Huffington Post, NSA's Keith Alexander Calls Emergency Private Briefing To Lobby Against Justin Amash Amendment Curtailing Its Power, Ryan Grim and Matt Sledge, July 22, 2013. The National Security Agency called for a "top secret" meeting with members of the House on Tuesday to lobby against the first House amendment to challenge the agency's authority to cull broad swaths of communications data, according to an invitation circulated in Congress. The amendment was authored by Rep. Justin Amash, a libertarian Republican from Michigan, and cosponsored by former chairman of the House Judiciary Committee and liberal Michigan Democratic Rep. John Conyers. The House ruled the amendment in order on Monday, and it is expected to get a vote sometime this week. NSA head Gen. Keith Alexander scheduled a last-minute, members-only briefing in response to the amendment, according to an invitation distributed to members of Congress this morning and forwarded to HuffPost. "In advance of anticipated action on amendments to the DoD Appropriations bill, Ranking Member C.A. Dutch Ruppersberger of the House Intelligence Committee invites your Member to attend a question and answer session with General Keith B. Alexander of the National Security Agency," reads the invitation.

Center for American Progress, Adapting to the Future of Intelligence Gathering, Peter Juhl, July 23, 2013. We must ensure inherently governmental intelligence functions remain in public hands. According to a 2010 investigation by the Washington Post, the U.S. government contracted 1,931 private companies to work on counterterrorism, homeland security, and intelligence programs across the country in that year alone. Of the more than 854,000 people with top-secret security clearances, 265,000 were private contractors. One-third of the CIA’s workforce—10,000 positions—is composed of private contractors, while the NSA contracts with at least 484 companies. According to a 2008 study commissioned by the Office of the Director of National Intelligence, private contractors made up 29 percent of the intelligence community’s workforce at a cost equivalent to half of the intelligence community’s personnel budget. That is, private-contractor workers cost significantly more than public-sector workers but do not count against the intelligence community’s personnel budgets.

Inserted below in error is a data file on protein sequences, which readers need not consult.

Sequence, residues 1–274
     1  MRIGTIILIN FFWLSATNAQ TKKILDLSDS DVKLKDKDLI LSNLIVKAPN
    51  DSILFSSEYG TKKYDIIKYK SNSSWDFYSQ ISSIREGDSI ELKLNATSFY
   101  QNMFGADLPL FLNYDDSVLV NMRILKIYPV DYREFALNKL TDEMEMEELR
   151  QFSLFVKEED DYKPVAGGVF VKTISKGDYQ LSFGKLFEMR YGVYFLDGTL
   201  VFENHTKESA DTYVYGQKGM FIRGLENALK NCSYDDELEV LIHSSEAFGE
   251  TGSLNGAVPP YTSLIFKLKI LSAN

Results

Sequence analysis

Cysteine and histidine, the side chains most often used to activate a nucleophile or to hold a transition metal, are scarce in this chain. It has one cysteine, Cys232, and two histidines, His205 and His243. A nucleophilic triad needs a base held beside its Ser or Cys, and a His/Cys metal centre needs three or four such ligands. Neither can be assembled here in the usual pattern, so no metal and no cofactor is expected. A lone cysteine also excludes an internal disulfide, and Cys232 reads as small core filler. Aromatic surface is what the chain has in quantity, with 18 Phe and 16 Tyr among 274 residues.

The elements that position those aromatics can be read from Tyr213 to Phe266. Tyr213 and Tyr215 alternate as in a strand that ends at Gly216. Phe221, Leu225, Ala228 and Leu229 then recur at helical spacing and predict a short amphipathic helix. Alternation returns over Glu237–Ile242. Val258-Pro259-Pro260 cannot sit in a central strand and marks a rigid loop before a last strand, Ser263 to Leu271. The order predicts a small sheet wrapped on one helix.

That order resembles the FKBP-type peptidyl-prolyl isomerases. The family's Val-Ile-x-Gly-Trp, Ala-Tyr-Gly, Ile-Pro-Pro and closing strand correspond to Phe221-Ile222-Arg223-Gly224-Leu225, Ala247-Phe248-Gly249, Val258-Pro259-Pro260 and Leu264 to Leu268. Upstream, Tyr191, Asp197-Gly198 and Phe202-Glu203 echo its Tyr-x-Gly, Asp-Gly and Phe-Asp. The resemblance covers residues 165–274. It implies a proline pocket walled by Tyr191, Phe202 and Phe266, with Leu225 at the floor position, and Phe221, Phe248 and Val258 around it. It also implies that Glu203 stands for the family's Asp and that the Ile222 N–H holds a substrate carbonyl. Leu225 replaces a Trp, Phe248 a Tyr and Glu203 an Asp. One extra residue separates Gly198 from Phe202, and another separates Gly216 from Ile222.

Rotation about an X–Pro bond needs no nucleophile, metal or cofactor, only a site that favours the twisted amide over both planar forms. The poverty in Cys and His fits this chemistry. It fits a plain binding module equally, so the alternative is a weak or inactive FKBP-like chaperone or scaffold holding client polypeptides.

AP via Washington Post, Senate bill authorizes sanctions on Russia or any other country offering Snowden asylum, Staff report, July 25, 2013. U.S. sanctions against any country offering asylum to Edward Snowden, right, advanced in Congress on Wednesday as the 30-year-old National Security Agency leaker remained in a Moscow airport while Russia weighed a request for him to stay permanently. The measure introduced by Sen. Lindsey Graham, R-S.C., demands the State Department coordinate with lawmakers on setting penalties against nations that seek to help Snowden avoid extradition to the United States, where authorities want him prosecuted for revealing details of the government’s massive surveillance system. The Senate Appropriations Committee approved the proposal unanimously by voice vote as an amendment to next year’s $50.6 billion diplomacy and international aid bill.

Washington Post, Obama defends sweeping surveillance efforts, Philip Rucker, Sean Sullivan and and Aaron Blake, June 7, 2013. President Obama strongly defended the government’s secret surveillance of people’s phone records and Internet activities Friday, saying there are “a whole bunch of safeguards involved” and that Congress has repeatedly authorized the programs. Commenting on the surveillance for the first time since news organizations revealed the sweeping National Security Agency programs this week, Obama highlighted limits to the programs to protect the privacy of U.S. citizens and said the surveillance has helped the government thwart terrorist attacks. “They make a difference in our capacity to anticipate and prevent possible terrorist activity,” Obama said. He added that the programs are “under very strict supervision by all three branches of government and they do not involve listening to people’s phone calls, do not involve reading the e-mails of U.S. citizens and U.S. residents.”

Reuters via Huffington Post, NSA Leaks Investigation Report Filed, Timothy Gardner and Mark Hosenball, June 8, 2013. A U.S. intelligence agency requested a criminal probe on Saturday into the leak of highly classified information about secret surveillance programs run by the National Security Agency. Director of National Intelligence James Clapper launched an aggressive defense of a secret government data collection program. Clapper, right, blasted what he called "reckless disclosures" of a highly classified spy agency project code-named PRISM. It was not known how broad a leaks investigation was requested by the super-secret NSA. The report goes to the Justice Department. Prosecutors have brought a series of high-profile leak investigations under President Barack Obama. U.S. officials said the NSA leaks were so astonishing they expected the Justice Department to take the case. In a statement earlier on Saturday, Clapper acknowledged PRISM's existence by name for the first time and said it had been mischaracterized by the media.